“I focus on empowering others to take ownership of their feelings, physical health, and self-care routines.”
What was your path to becoming a therapist?
My therapy practice began after many years of working with individuals and families, and interfacing with a plethora of mental health and health service agencies in New York City. Throughout my work, I found that large, traditional mental health companies were not treating the “whole” person—including people’s lifestyles, relationships, and thought patterns. So, I embarked on a mission to create a practice that helps individuals pursue overall health and wellness, with an emphasis on increasing confidence and minimizing negative thoughts that lead to symptoms of depression and anxiety.
What should someone know about working with you?
I focus on empowering others to take ownership of their feelings, physical health, and self-care routines. Together, we work through historical, cultural, and psychological factors that may be contributing to current life circumstances. Although we achieve this primarily through traditional talk therapy methods, I am a big believer in providing resources such as books, podcasts, articles, and workbooks, so that learning and progress can continue outside of sessions.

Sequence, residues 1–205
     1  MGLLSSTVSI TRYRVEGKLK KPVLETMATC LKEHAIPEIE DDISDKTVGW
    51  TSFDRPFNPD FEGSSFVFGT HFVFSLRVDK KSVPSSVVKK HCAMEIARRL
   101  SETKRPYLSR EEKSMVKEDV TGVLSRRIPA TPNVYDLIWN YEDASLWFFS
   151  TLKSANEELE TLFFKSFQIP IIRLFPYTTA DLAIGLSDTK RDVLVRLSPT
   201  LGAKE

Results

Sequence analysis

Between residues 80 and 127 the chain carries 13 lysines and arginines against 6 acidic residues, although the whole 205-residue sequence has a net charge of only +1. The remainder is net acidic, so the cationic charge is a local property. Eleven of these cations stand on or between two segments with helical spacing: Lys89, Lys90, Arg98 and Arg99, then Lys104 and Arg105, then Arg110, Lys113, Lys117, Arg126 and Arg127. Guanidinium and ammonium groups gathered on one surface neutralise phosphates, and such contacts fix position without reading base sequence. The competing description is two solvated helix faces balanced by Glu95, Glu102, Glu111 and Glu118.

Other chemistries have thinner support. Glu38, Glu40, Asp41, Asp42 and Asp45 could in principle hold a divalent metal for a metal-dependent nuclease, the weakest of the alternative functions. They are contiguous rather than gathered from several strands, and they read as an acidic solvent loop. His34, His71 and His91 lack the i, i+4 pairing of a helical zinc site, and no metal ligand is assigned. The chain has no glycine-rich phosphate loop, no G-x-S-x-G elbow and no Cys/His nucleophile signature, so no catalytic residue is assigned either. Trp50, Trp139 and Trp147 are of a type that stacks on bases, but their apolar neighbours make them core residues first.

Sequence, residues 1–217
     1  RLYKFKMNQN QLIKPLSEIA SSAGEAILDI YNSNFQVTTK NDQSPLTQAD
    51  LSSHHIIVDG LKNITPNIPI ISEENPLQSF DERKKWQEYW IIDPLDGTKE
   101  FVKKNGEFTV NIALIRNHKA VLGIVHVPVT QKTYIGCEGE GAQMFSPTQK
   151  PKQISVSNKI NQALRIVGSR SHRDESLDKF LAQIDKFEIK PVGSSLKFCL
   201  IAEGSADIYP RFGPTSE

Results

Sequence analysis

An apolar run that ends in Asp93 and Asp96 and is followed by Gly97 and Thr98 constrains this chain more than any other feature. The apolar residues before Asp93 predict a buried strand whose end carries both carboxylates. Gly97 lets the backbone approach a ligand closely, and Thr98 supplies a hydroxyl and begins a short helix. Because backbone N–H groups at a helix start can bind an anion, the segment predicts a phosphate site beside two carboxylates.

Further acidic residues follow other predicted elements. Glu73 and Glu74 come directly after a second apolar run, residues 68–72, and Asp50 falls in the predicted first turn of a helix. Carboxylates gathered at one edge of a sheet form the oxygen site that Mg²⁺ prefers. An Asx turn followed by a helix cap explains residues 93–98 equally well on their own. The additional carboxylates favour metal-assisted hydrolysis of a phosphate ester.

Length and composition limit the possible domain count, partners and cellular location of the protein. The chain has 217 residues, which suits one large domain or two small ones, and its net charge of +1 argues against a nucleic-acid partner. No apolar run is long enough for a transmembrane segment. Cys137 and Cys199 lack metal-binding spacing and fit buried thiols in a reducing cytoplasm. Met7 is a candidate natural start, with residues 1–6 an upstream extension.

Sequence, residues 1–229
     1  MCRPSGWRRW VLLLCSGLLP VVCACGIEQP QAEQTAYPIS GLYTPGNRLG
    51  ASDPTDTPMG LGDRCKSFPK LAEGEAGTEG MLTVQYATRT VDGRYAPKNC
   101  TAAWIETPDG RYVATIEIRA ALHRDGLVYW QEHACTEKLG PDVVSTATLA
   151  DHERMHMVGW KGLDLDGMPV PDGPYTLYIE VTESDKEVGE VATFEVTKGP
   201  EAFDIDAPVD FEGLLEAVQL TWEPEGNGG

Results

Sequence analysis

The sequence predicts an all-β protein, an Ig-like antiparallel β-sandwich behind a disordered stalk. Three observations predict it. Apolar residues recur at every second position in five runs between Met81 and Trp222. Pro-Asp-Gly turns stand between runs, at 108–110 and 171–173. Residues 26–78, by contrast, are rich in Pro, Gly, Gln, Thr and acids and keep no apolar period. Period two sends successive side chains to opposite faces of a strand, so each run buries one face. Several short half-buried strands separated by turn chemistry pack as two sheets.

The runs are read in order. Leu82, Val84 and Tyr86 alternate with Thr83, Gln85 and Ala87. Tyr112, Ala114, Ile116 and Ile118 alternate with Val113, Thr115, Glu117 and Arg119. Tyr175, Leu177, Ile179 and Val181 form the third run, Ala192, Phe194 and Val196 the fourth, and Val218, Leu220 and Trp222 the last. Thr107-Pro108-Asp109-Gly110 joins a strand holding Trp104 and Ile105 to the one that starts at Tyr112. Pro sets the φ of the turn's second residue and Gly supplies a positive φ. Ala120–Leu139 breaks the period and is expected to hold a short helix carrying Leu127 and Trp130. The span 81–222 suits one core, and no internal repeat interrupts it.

How does collaboration with other providers inform your work?
It takes a village! We are a species that thrives on connection. I love interfacing with other professionals, such as psychiatrists, nutritionists, spiritual advisors, community advocates, and many more, in order to enhance my clients’ feelings of connectivity and growth.
What advice would you give to someone who is hesitant to try therapy?
Therapy is a unique and profound experience—one that requires vulnerability and honesty, which are often very uncomfortable to engage in. But transformation cannot occur in stagnation. It requires action and openness, and it requires feeling fearful but doing it anyway. We are usually told that strength is in toughness, in hiding, in suppressing, and in keeping it together through our suffering. This is simply not true. Strength is found in vulnerability, in asking for support, and in self-reflection. Hesitation is absolutely understandable—and it takes courage to reach out for help in the face of that hesitation.
What are you most excited about within the evolving mental health landscape?
I am very excited about the changes in stigma around mental health. There is a palpable cultural shift, especially within younger communities, whereby therapy is seen as proactive and necessary self-care instead of the shame-based definition of yesteryear. I love being a part of this evolution!
“Therapy is a unique and profound experience—one that requires vulnerability and honesty, which are often very uncomfortable to engage in.”